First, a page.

First Birthday

Code 56 is celebrating helping local companies grow with tailored IT support as business goes from strength to strength.

Owen Conti, who has previously worked with High Street banks tightening up their fraud systems, is now offering businesses support in making sure their company is not only protected but their IT systems are working as well as they should.

Marking one year of launching the specialist IT practice Code 56 he has now thanked everyone who has helped him get this far as he takes on a new member of staff to meet demand.

“Code 56 has been really well received locally and it has been fantastic to see things develop over the past year,” said Owen.

“As a business we like to make sure we are always thinking ahead to find solutions before problems arise so that you have an IT system that is working for you and your business.”

“It has been a great first year, I think the flexibility we offer is something that has really appealed to businesses. It is personal, onsite IT support. Rather than talking to someone in an office miles away, we actually come out and work alongside you so that we truly get to know you and your business needs.”

“It is like having an extra member of the team you can call on as and when you need.”

Drive Forward

A few people have asked me about the news that Google is getting rid of their “Drive” app, so I thought it might be worth a moment to explain what is going on.

Head in the Cloud(s)

Drive is Google’s cloud storage solution and their answer to the likes of DropBoxOneDrive Box.

Essentially, all these cloud storage solutions are online areas where you can store copies of your files. (You can think about them as USB Flash Drives that exist on the internet.) Some services offer things like automatic syncing from your phone, laptop, Mac or iPad. Most have a “free tier” (typically between 2 – 5GB) and then you can pay for additional storage beyond that.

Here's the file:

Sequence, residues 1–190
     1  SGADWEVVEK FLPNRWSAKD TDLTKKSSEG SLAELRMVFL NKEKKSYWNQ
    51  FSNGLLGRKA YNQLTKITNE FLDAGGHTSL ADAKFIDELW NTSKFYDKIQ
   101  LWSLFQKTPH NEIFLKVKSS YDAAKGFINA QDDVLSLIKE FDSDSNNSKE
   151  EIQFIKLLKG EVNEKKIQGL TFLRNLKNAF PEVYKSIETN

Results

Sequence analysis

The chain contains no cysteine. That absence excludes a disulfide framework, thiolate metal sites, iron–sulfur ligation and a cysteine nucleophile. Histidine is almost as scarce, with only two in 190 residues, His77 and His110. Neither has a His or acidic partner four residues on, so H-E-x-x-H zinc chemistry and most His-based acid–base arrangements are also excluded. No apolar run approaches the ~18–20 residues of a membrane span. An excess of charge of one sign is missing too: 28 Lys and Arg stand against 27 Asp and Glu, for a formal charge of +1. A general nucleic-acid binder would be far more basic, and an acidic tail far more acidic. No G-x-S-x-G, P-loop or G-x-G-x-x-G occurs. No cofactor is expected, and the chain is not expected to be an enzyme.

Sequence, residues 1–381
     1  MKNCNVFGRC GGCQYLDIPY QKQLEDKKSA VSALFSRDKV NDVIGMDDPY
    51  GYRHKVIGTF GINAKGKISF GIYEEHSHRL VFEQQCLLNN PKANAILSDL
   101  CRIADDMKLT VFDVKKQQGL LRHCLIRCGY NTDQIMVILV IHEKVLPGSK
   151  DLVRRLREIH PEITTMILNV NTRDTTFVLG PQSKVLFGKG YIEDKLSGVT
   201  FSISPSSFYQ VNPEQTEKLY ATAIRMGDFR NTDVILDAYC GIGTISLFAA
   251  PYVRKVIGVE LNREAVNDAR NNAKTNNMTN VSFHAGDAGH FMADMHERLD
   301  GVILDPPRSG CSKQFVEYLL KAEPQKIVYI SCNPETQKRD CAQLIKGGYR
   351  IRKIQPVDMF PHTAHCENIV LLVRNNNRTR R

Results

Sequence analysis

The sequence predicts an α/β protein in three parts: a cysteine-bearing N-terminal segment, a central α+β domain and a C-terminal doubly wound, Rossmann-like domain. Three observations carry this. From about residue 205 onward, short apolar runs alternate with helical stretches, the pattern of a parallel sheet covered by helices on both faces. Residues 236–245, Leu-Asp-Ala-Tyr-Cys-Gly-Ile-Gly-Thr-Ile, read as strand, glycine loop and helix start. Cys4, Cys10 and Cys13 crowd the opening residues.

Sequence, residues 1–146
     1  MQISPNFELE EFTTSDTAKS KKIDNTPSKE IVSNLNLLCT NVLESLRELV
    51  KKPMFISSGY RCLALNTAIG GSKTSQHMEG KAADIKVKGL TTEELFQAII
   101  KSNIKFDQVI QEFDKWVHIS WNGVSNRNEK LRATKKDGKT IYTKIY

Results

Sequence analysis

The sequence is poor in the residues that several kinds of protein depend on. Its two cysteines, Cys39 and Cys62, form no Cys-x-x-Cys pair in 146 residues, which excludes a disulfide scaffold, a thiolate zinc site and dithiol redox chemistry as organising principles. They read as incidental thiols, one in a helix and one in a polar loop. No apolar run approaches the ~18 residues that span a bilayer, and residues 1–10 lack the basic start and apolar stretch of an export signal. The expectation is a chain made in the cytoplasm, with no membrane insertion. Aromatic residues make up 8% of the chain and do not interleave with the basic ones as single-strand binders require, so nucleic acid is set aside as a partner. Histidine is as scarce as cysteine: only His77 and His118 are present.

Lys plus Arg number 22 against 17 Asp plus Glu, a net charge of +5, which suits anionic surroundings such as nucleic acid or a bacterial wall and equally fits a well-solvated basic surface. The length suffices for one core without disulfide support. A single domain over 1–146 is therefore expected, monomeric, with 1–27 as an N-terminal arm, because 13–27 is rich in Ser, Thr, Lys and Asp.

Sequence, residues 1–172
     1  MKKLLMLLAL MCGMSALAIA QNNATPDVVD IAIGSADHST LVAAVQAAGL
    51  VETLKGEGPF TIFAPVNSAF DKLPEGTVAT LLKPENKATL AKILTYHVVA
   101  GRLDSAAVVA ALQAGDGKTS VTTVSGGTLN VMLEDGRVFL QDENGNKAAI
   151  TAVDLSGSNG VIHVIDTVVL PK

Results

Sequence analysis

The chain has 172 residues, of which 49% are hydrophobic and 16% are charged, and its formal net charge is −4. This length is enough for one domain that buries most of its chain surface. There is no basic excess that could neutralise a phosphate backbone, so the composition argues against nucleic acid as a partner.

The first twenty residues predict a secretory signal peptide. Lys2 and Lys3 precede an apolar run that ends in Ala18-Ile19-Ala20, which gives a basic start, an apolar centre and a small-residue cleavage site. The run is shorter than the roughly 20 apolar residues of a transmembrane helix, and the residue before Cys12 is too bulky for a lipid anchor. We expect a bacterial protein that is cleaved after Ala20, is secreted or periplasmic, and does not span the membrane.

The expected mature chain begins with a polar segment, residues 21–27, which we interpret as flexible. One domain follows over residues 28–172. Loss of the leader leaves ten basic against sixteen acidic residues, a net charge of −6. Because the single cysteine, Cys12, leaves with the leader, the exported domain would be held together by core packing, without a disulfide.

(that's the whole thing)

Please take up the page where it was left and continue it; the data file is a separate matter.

What’s happening?

Google are changing things, as they often do. In short, the app that people currently use on their PC & Mac to sync their files to and from their Drive is going to be replaced with a set of new apps. The important thing to note is: The online storage isn’t going anywhere, you’ll still be able to access all your files – just with a different app (or through a web browser).

When is this happening?

Support for the “old” app is still in place until 11th December 2017, and it will be formerly shut off on 12th March 2018. The new apps “File Stream” and “Backup and Sync” will be generally available at the end of September and have slightly different features and target audiences.

What’s the difference?

In short, “File Stream”, is aimed at the G Suite users, which are typically the Business users (read: paid subscribers) and adds in features that allow a lot more flexibility than the “old” app does today. One such feature is allowing users to pick and choose which files sync to their local drives to help them save space on their machine.

“Backup and Sync” is aimed at the consumer users (read: free users) and offers features such as syncing other folders on your computer (such as your Desktop) that aren’t in your Google Drive. In essence, it’s going to replace the functionality of the existing app.

Why bring out this change?

Only the teams at Google truly know why the changes have been brought around, but my guess would be a big part of it is making cloud storage more flexible & user-friendly while separating out some of the more advanced features to be included in their paid-for-services (such as the selective sync in File Stream).

Surfing & Staying Safe

Earlier this morning, at a networking meeting, a few of us were having a conversation that started around GDPR, evolved in to experiences with IT scams and had morphed in to a discussion around how to stay safe when surfing the web and interacting with emails as we were ushered towards our breakfast.

I figured that some suggestions on how to stay safe might be something people would find interesting. Without further ado I’ll start this series of articles with one on: